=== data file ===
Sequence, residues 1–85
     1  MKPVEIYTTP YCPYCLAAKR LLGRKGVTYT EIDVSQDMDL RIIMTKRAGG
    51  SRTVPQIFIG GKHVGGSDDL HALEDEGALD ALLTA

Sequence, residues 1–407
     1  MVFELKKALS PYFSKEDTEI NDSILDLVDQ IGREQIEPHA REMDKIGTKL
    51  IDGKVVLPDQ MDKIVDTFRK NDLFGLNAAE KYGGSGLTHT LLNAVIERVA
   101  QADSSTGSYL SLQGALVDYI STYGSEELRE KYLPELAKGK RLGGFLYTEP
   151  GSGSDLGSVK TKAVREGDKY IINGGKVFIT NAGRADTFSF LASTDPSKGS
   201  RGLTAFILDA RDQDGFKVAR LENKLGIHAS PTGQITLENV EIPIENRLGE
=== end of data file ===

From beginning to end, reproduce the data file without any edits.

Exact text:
Sequence, residues 1–85
     1  MKPVEIYTTP YCPYCLAAKR LLGRKGVTYT EIDVSQDMDL RIIMTKRAGG
    51  SRTVPQIFIG GKHVGGSDDL HALEDEGALD ALLTA

Sequence, residues 1–407
     1  MVFELKKALS PYFSKEDTEI NDSILDLVDQ IGREQIEPHA REMDKIGTKL
    51  IDGKVVLPDQ MDKIVDTFRK NDLFGLNAAE KYGGSGLTHT LLNAVIERVA
   101  QADSSTGSYL SLQGALVDYI STYGSEELRE KYLPELAKGK RLGGFLYTEP
   151  GSGSDLGSVK TKAVREGDKY IINGGKVFIT NAGRADTFSF LASTDPSKGS
   201  RGLTAFILDA RDQDGFKVAR LENKLGIHAS PTGQITLENV EIPIENRLGE